Various world views are behind each of these models. Libertarians and those who support total moral neutrality on part of the state (these are the heirs of the second approach above) will support the model of sharp separation. The state must guarantee total individual ethical autonomy, and leave the public sphere free of any kind of official ideology. Today this model is used, in a certain variation, by the United States.
The model of separation with preference is chosen by heirs of the first approach, of communitarians, who hold the idea that society needs a common ethos that generally includes a religious dimension, in order to prosper in all aspects of society. Religion is not forced on the public, but the state supports a certain religious expression, and determines a certain character to the public sphere. On varying levels we will find this model in England, Sweden, or Greece, each of which has one official and funded church.
The third model, forced secularization, we know from the French Revolution, the Bolshevik Revolution, or from Turkey’s Attaturk. Here religion is viewed not as a legitimate world view, but as a danger to society which must be driven out. This attitude leans on the ideology that sees religion as an archaic and primitive relic which is not a part of “progress”. The state, in this case, adapts a sharp communitarian approach, and sees fit to offer a clear model of the “the suitable life,” a model of efficient, militant, “noble” secularism.
The model of state religion draws from the communitarian modeal of separation with preference as well as from the spirit of aggressive noble secularism. In this model, the state is interested in religion, and is interested in forcing parts of it on the public, while also controlling it. This model can be seen in Putin’s Russia, and in the state relations with the pro Slavic church. This model was also realized in the first decades of the State of Israel. Under the leadership of David Ben Gurion, there was one official, regulated and funded religion, and it was generally accepted by all. Various social, economic, and ideological trends made this model less and less acceptable by a large portion of Israel’s current citizens. And that’s what we’re here for.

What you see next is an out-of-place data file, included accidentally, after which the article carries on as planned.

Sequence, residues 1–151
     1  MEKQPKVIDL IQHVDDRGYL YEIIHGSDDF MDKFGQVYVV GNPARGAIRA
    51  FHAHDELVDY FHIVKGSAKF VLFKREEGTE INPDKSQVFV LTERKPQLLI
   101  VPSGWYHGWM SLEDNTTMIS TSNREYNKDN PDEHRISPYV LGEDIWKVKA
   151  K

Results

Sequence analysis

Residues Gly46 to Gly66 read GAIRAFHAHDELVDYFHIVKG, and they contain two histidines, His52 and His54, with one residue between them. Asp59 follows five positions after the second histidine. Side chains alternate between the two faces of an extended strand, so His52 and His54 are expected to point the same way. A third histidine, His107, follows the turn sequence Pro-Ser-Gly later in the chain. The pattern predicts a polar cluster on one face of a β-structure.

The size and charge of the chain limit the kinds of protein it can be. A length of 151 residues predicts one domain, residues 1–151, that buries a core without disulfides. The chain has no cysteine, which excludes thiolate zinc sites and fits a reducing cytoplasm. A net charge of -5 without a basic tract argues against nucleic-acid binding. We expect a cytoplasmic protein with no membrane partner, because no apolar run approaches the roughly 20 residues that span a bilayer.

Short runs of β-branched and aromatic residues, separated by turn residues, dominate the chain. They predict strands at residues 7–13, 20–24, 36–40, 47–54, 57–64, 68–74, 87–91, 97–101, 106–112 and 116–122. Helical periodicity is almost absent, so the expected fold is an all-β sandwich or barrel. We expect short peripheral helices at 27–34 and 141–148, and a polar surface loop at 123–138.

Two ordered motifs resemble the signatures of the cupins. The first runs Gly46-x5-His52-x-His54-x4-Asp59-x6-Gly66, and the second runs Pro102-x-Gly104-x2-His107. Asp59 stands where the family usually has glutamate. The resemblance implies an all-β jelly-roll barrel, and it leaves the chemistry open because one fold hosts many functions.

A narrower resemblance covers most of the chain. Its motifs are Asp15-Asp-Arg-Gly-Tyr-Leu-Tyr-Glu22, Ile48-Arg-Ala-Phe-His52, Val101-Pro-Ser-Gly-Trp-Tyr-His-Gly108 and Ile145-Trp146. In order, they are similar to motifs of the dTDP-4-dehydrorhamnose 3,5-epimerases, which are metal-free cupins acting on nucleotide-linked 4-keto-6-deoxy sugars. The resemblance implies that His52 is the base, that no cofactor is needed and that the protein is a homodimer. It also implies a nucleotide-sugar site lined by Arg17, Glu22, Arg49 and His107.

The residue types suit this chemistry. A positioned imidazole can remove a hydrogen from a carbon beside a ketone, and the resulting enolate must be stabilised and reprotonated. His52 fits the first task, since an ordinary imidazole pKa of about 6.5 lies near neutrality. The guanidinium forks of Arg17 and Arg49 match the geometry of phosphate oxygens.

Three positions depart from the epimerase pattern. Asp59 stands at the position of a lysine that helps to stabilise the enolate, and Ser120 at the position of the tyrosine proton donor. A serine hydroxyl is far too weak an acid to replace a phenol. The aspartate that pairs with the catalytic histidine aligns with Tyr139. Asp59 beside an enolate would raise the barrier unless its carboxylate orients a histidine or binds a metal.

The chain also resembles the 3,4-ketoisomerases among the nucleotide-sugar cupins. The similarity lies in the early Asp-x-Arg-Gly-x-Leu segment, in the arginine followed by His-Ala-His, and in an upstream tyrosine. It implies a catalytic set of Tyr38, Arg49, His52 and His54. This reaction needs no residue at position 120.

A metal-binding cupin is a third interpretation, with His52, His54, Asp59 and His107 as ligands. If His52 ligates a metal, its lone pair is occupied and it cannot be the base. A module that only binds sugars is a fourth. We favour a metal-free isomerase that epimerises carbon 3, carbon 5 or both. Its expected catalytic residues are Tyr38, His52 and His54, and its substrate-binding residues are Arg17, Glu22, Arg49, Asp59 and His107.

Where does Israel fit in?
In a liberal state, the last two models cannot occur. There is no place for forced secularization because it infringes upon the freedom of individuals who would like to persue a religious life style. There is also no place for state-religion, as this sort of institutionalized religion invades private life and is guilty of religious coercion. Our interest here is in moving Israel away from state-religion and towards a version more in line with one of the first two models.
Some will want to move even closer to the model of sharp separation, others will prefer separation with preference. The first group will prefer a state with a completely secular public sphere, with no religious character whatsoever. A state for all of its citizens. The latter group will prefer that Judaism be the preferred official religion, lending a certain character to the public sphere, which would emphasize that Israel is the Jewish home of the Jewish people.
Many times those who are interested in separating religion and state insist that only the model of sharp separation is acceptable. If we take an example from one of the European countries that are clearly democratic, this does not hold. We mentioned England, , Sweden, and Greece, all of which have an institutionalized Church (the Anglican, Lutheran, and Greek-Orthodox, respectively), and this is taking into account the religion and cultural heritage of the people living in them, and the desire to maintain the cultural identity of these communities. Most democracies in the world today do NOT apply sharp separation between religion and state, and rather fund and maintain certain religious institutions to some extent or another